In a preferred method of operating the system of this invention, the engine that produces a source of exhaust gas also provides motive power that is employed to move a fan in a cooler to cool the exhaust gas and/or to operate a compressor to compress the exhaust gas for injection into a treating vessel. Depending upon the size of the internal combustion engine and other factors, the internal combustion can, in some applications, be also used to drive a high pressure pump for pumping the crude oil up to the pressure requirement for the mixing step.
Gasified crude oil appearing at the outlet of the treatment vessel is passed to a separator wherein any excess gas—that is, gas that is not absorbed in the treated crude oil, can be separated before the treated crude oil is passed into a pipeline or to process equipment.
FIG. 1 is a plane view of a system for practicing the methods of this invention. The system includes a treating vessel into which crude oil and CO2 or CO2 plus N are injected. The system includes a stabilization vessel and a discharge conduit by which the treated reduced viscosity crude oil may be conveyed to a pipeline or to other process equipment.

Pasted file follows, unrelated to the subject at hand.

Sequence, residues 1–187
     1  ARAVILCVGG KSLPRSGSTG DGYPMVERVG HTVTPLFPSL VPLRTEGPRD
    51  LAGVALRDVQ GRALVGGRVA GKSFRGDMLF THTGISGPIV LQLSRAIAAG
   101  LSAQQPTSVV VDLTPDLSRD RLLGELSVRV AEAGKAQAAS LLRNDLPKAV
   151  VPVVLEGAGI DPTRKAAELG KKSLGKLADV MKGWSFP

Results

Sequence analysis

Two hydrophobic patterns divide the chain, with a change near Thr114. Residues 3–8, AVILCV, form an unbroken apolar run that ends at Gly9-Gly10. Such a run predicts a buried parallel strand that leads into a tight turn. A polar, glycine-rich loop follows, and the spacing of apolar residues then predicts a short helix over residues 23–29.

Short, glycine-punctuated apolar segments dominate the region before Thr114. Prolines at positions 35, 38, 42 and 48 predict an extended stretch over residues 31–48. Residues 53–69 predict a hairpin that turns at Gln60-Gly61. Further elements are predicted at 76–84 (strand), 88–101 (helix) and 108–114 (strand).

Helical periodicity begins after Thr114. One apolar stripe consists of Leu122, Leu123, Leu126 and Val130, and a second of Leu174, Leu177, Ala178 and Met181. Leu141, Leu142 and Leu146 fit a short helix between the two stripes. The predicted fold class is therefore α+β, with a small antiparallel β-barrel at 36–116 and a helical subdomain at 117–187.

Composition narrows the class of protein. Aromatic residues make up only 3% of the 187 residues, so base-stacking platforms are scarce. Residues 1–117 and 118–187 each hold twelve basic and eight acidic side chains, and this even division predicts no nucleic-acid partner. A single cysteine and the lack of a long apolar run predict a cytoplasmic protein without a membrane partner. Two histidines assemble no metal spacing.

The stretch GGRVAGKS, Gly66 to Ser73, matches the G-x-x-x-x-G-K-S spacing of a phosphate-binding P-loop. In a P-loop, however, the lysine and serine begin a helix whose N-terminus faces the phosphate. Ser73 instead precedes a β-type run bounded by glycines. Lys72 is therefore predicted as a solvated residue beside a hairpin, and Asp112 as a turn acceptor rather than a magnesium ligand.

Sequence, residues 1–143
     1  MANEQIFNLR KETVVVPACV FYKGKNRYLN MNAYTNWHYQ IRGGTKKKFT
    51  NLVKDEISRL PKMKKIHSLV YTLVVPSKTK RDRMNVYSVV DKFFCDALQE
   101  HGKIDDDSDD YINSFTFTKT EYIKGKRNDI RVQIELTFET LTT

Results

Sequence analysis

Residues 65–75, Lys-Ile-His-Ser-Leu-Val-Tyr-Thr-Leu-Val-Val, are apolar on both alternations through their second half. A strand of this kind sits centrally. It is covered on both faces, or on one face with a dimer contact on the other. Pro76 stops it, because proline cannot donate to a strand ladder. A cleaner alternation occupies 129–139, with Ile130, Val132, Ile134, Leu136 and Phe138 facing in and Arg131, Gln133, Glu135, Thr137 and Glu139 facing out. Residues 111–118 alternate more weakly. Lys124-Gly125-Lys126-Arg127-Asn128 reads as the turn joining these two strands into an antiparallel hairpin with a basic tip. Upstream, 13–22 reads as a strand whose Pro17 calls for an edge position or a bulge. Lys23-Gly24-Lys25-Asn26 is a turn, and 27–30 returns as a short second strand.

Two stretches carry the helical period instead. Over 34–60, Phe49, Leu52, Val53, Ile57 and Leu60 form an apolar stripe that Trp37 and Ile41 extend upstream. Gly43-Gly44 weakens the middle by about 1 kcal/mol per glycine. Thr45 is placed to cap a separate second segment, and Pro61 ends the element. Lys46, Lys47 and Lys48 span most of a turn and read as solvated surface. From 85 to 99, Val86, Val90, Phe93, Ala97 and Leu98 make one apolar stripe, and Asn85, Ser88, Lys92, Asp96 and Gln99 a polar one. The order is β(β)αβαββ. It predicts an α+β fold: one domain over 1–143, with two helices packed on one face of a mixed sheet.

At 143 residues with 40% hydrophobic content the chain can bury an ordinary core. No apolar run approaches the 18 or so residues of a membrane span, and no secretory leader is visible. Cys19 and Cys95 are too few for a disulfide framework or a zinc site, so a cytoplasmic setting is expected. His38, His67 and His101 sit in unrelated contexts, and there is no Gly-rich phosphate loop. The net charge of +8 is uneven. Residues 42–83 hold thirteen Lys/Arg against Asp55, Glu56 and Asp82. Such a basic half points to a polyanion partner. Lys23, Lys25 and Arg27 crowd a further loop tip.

FIG. 2 is an enlarged elevational view of a gas injector pipe having a spiral fin thereon as employed within the treating vessel of FIG. 1. FIG. 2 illustrates one means of improving the absorption of injected gases.
FIG. 3 is a cross-sectional view taken along the line 3—3 of FIG. 1 showing the gas injection pipe centrally positioned within the treating vessel with a spiral fin extending around the injection pipe.
FIG. 4 is a diagram of a system for employing exhaust gas from an internal combustion engine in a method for increasing the flowability of crude oil.
This invention is a process and apparatus for improving the flowability of crude oil by decreasing the viscosity of the crude oil in a nondestructive manner. Increasing flowability decreases the horsepower required to transport crude oil in a pipeline over a long distance, especially if the crude oil is innately viscous—that is, of low gravity.